Aug. 8 (Bloomberg) -- Japanese Prime Minister Yoshihiko Noda’s attempt to rein in his country’s ballooning debt by raising the five percent sales tax is in doubt as the main opposition party attempts to force a general election.
Noda today rebuffed the Liberal Democratic Party’s demand to set a time table for early elections in exchange for passage of the tax bill in the Diet’s upper house. The LDP rejected a proposal to call elections “in the near future,” and has threatened to submit a no-confidence motion in parliament, risking a deal to double the levy by 2015.
“Under no circumstance can I specify when I will dissolve parliament,” Noda told a meeting of lawmakers from his Democratic Party of Japan in Tokyo. “Nor would it be appropriate for me to sign a document about this.”
The LDP, which helped push the bill through the lower house in June, is seeking to capitalize on public discontent over Noda and the DPJ. The prime minister has staked his political career on the legislation, saying it must be enacted to control debt that has swollen to more than twice the size of the economy.
Concern that the bill will fail sent yields on Japan’s 10-year benchmark bond to a one-month high of 0.81 percent today. Yields on 30-year bonds climbed to a four-week high of 1.85 percent.
“If this does get bogged down, it would have credit negative implications,” Thomas Byrne, a senior vice president at Moody’s Investors Service said in an interview yesterday. The law is “a necessary step to support the rating.”
Moody’s lowered Japan’s credit rating to Aa3, its fourth highest grade, with a stable outlook in August 2011.
Chief Cabinet Secretary Osamu Fujimura today said the ruling party offered to agree to call elections “in the near future.” LDP parliamentary affairs chief Fumio Kishida called the proposal “unsatisfactory.”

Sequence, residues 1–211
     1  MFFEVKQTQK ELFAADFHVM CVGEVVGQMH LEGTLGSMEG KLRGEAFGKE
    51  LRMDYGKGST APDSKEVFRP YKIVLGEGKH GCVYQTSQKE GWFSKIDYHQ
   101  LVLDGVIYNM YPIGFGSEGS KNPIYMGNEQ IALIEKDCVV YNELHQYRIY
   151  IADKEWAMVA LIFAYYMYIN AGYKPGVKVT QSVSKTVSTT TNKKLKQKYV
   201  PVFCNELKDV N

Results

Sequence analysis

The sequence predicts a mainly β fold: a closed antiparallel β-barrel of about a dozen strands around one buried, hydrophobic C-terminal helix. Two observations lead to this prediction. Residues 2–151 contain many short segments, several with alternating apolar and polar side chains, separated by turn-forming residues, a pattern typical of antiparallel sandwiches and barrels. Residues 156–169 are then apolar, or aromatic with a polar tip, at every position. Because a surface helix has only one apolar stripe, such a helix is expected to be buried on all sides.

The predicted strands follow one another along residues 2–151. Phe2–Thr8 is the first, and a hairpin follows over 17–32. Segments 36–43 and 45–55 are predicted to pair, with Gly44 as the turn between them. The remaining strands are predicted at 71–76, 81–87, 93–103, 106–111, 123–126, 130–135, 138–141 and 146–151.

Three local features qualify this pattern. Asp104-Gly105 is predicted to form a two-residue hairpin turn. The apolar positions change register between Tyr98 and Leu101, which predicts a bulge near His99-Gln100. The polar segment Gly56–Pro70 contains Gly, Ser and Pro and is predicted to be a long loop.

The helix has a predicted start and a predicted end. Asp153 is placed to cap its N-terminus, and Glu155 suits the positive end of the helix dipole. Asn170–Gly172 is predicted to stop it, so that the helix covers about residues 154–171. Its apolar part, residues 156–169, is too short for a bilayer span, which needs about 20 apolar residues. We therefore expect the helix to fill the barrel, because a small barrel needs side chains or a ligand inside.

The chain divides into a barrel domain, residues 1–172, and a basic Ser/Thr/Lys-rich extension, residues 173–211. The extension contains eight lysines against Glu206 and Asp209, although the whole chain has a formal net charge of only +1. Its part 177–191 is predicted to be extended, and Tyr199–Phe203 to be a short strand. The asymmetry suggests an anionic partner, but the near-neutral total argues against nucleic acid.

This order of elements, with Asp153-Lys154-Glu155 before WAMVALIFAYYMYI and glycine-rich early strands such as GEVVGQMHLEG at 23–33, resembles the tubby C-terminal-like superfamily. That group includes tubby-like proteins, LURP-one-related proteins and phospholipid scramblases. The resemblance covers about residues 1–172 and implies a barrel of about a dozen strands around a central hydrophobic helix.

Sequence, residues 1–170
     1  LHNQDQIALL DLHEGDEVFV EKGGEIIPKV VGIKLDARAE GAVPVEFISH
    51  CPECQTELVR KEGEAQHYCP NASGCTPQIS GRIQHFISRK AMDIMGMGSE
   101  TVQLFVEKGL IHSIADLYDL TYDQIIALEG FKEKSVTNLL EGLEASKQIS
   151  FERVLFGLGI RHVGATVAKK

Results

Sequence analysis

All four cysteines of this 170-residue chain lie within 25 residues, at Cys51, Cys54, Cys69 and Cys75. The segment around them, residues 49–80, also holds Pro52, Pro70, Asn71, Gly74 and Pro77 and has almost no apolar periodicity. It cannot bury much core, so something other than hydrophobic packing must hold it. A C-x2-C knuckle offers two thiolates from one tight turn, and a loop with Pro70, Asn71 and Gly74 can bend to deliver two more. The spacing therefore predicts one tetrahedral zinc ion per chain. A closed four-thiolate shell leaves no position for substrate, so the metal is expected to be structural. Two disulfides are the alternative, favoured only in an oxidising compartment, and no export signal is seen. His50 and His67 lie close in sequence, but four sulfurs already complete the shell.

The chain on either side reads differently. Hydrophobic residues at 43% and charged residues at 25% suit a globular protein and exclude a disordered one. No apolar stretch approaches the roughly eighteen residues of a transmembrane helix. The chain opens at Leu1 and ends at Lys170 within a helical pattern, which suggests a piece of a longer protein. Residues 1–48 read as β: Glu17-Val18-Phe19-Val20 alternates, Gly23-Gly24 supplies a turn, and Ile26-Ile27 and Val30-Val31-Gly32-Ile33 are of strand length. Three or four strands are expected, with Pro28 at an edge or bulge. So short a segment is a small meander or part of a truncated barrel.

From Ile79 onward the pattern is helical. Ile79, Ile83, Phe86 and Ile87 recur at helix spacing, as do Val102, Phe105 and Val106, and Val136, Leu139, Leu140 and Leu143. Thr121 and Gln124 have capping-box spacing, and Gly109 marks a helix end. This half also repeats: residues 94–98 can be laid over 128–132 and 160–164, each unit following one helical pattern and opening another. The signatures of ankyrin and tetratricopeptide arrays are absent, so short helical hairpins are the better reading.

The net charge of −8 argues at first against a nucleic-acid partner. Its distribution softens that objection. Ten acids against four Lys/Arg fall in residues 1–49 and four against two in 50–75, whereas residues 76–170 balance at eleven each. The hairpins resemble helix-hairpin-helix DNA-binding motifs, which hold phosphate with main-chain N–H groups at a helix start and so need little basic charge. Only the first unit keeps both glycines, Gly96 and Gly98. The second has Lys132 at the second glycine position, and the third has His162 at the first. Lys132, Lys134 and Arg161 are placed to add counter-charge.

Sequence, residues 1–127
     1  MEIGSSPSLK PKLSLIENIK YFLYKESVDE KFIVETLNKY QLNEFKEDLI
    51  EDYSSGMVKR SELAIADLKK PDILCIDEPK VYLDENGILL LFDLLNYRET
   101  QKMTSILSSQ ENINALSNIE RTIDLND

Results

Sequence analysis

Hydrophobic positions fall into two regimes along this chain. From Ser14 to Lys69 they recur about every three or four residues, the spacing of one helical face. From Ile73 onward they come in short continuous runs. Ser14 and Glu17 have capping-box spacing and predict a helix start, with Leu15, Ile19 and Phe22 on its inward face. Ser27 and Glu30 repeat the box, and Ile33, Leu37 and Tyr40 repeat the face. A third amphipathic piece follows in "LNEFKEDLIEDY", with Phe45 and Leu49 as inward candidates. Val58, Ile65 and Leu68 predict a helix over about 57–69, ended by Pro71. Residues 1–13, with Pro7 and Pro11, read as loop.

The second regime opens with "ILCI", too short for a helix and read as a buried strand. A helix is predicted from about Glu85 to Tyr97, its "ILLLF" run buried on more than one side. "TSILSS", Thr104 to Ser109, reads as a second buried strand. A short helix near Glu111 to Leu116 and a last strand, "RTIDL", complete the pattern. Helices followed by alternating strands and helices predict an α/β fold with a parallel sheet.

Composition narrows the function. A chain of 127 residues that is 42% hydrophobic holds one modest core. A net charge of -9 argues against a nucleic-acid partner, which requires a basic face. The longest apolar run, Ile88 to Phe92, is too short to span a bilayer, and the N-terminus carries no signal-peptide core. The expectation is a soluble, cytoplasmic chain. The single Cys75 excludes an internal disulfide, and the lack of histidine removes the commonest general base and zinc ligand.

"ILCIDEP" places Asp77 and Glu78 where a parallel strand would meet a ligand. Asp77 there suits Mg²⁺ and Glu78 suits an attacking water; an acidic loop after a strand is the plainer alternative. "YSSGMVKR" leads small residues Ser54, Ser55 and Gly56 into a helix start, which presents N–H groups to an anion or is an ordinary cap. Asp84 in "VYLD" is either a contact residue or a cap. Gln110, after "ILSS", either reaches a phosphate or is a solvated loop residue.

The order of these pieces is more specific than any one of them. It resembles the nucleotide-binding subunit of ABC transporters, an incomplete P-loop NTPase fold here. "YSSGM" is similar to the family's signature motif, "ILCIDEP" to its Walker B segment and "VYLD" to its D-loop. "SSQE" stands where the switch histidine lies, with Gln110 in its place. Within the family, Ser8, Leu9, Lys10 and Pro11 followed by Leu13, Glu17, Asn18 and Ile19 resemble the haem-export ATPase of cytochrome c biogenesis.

The LDP will submit a no-confidence motion to the lower house and a censure motion to the upper house if Noda doesn’t agree to its demands, the Nikkei newspaper said, without citing anyone.
“If we don’t hear that he plans to listen to the will of the people when necessary, then it will be difficult to support him,” LDP Secretary-General Nobuteru Ishihara said last night. “We hear he is thinking, so we are going to wait and see.”
The bill passed through the lower house in June after the LDP and New Komeito parties agreed to support it, sparking a ruling party rift.
A no-confidence motion can’t pass in the lower house unless at least 15 DPJ members vote for it. An upper house censure motion could pass, but doesn’t oblige the prime minister to step down or call an election.
Smaller opposition parties against the sales tax increase also submitted no-confidence and censure motions to the house yesterday. Among them are former members of Noda’s party who left after he pushed the bill through the lower house.
Noda is floundering in opinion polls due partly to the unpopularity of the tax bill and opposition to the re-starting of nuclear plants following last year’s Fukushima disaster. He doesn’t have to call an election until August 2013.
In a survey published in the Asahi newspaper on Aug. 6, Noda’s support rate fell to 22 percent from 25 percent the previous month and the worst since he took power in September last year. The DPJ and LDP were neck and neck with 13 percent support.
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